Go Fish Sushi has been a staple of the Baker Neighborhood in Denver since 2007, with an additional location in Broomfield, CO that opened in 2015. Getting to know their regulars on a personal level over the years – knowing them by name, watching their kids grow up – made their guests want to support them during these hard times. “A lot of restaurants had this global mentality where they wanted to market the entire city, which is great. But if you build up your individual neighborhoods, you are going to have a sustainable business no matter what happens,” Director Antonio Gudino says.

For Antonio and his team, perfecting their online ordering was key to serving their loyal customers during the pandemic. By observing the changes in their neighborhood and listening to feedback from their guests, the Go Fish team is constantly changing, updating, and improving their operations and offerings to keep up. “When we started using online ordering we saw that between these hours we’re going to pick up, so we are able to staff better and get things out quicker.”

Going into winter, the Go Fish team’s plan is to keep adjusting to the seasons as well as changing restrictions and regulations. When shutdowns first began in March, they experimented with different menus and delivery options for online ordering, as well as menu changes. Antonio says they learned a lot from that experience that they plan to work off of when winter hits and they are no longer able to offer outdoor seating. 

 

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Brickyard Hollow Brewing | Yarmouth & Freeport, ME | +5%

Brendon Medeiros, Operations Manager

Though just under two years old, Brickyard Hollow Brewing has already secured its spot in the local community by serving great beer and food and giving back to local charities and organizations. When the pandemic hit and they had to pivot their business model, that spirit of giving not only remained, it became a part of their plan for survival.

At the start of the pandemic, many businesses were pushing gift card sales as a means of bringing in some cash to stay afloat while they had to slow operations or shut down completely. As many restaurateurs know, only 80% of gift cards are redeemed on average, so 20% of gift card sales are pure profit. While pushing gift card sales has dwindled for many restaurants that are now open in some capacity, Brickyard Hollow has found a way to utilize them to bring in new customers and give back to the community. They sell their gift cards to charity organizations at a discount, then the organization re-sells them at a profit to raise funds. “We’re not really having community nights anymore, so we’re selling gift cards to these organizations at 20% off to help bring cash in, help their organization, and it’s free marketing too.”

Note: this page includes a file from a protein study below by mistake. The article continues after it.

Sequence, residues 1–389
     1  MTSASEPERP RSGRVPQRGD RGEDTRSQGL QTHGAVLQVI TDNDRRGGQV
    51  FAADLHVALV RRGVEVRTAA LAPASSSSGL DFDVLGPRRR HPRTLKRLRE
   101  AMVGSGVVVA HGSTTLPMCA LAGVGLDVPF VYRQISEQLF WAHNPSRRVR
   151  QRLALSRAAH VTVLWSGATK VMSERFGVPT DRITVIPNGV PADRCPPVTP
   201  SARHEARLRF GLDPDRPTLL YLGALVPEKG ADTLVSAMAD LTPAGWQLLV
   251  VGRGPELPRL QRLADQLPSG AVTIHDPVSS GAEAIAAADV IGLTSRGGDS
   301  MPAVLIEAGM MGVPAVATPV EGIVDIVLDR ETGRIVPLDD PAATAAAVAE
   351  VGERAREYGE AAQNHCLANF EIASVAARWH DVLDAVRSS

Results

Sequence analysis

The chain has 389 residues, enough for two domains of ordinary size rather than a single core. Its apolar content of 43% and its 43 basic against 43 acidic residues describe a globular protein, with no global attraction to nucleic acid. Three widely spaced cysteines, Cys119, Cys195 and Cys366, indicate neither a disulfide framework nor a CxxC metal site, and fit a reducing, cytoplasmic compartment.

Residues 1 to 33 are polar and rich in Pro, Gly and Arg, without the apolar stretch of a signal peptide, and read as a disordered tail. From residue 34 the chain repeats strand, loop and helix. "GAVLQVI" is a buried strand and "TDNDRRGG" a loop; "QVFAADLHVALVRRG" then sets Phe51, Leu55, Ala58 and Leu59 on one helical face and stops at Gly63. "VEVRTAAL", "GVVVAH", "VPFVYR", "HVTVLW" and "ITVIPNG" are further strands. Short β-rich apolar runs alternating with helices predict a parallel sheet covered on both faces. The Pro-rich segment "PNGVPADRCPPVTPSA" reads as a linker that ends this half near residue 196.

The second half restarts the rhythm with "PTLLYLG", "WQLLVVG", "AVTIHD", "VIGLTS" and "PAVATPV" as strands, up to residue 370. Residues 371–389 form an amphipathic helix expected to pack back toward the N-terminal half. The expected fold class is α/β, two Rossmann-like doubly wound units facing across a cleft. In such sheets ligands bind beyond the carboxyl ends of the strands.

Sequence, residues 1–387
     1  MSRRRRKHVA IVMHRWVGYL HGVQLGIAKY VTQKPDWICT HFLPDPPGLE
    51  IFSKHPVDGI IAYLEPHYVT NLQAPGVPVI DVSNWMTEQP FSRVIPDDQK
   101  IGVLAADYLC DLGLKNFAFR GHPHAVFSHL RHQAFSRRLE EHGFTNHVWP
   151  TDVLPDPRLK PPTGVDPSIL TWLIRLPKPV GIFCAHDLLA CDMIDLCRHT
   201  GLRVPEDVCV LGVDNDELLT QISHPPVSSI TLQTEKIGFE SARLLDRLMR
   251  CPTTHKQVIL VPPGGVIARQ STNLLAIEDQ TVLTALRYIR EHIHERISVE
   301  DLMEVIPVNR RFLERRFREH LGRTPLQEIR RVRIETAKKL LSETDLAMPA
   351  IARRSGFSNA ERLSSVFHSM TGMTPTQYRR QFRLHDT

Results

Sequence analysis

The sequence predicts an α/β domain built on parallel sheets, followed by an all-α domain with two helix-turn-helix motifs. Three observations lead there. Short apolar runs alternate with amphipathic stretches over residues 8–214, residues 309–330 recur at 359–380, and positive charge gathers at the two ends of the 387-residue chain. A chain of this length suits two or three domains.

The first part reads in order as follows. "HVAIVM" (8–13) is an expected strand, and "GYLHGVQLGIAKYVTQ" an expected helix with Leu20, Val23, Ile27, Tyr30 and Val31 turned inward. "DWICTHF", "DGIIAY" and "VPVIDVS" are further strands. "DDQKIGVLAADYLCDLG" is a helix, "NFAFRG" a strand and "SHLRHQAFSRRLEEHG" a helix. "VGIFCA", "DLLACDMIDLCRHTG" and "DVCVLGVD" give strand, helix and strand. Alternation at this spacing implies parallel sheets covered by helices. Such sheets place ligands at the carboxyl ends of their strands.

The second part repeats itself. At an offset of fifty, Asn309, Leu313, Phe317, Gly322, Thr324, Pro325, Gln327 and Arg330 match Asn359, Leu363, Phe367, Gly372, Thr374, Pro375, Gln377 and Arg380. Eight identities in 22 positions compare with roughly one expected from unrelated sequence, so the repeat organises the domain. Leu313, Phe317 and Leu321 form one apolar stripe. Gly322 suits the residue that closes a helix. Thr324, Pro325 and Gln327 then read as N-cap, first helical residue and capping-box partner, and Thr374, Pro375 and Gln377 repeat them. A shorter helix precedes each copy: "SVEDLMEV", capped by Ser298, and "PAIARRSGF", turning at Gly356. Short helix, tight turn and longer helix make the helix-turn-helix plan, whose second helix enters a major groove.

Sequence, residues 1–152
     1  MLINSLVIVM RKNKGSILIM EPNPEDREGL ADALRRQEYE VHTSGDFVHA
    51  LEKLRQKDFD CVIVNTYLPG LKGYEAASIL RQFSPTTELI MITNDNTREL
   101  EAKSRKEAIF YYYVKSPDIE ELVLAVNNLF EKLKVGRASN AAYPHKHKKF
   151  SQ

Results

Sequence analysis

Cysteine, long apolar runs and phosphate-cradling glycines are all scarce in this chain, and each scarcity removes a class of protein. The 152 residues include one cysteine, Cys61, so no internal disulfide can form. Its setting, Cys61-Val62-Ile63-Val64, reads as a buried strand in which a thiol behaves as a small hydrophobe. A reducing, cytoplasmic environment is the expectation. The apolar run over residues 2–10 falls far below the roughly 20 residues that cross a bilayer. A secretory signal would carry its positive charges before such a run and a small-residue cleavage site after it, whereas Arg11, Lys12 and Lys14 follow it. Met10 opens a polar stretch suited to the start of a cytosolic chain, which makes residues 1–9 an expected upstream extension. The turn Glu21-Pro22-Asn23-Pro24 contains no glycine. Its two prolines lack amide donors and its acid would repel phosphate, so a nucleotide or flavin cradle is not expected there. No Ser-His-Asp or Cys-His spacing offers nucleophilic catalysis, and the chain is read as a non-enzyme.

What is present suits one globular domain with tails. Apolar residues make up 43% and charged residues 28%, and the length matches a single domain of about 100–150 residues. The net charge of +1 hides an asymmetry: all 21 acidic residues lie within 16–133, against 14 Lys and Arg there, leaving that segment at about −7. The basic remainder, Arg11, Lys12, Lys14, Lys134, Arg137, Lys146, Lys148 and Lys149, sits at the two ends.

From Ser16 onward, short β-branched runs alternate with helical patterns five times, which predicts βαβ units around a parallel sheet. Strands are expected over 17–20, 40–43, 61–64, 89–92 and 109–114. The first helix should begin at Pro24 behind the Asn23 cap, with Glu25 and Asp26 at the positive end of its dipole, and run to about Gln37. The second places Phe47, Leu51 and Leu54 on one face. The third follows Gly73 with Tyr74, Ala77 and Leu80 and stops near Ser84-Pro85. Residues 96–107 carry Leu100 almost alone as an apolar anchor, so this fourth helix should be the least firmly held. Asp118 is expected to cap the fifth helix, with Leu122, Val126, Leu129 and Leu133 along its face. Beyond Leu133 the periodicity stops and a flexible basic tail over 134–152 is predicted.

In addition to finding an alternative to their charitable giving, Medeiros is opting for an old-school marketing technique: direct mail. While this may not be ideal for all types of businesses, it’s a tactic that is working well to spread the word about this relatively new business and bring in new customers. Medeiros recommends working with a company like Mail Shark to help with the heavy lifting. “They’re killer. They’ll do all the design work for you,” he says. 

Looking ahead to the cold Maine winter, Medeiros has invested in a large outdoor tent and heating system to keep in-house guests coming back throughout the winter months. “It was a big capital investment,” he says, “but the way I look at it is that you really can’t afford not to have it. 

The state of the restaurant industry is ever-evolving, but nothing could have prepared restaurant owners and operators for 2020. Download our State of the Restaurant Industry Report for 2020 menu, sales, and holiday trends, plus stories from restaurant owners who managed to grow sales despite the pandemic.

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Written by   |  
Stephanie is a Providence, RI native and eight-year food industry veteran. As Upserve's Content Marketing Coordinator she creates materials that help restaurateurs, managers, and service professionals succeed. When she's not writing, Stephanie is most likely traveling, cooking, or trying new restaurants.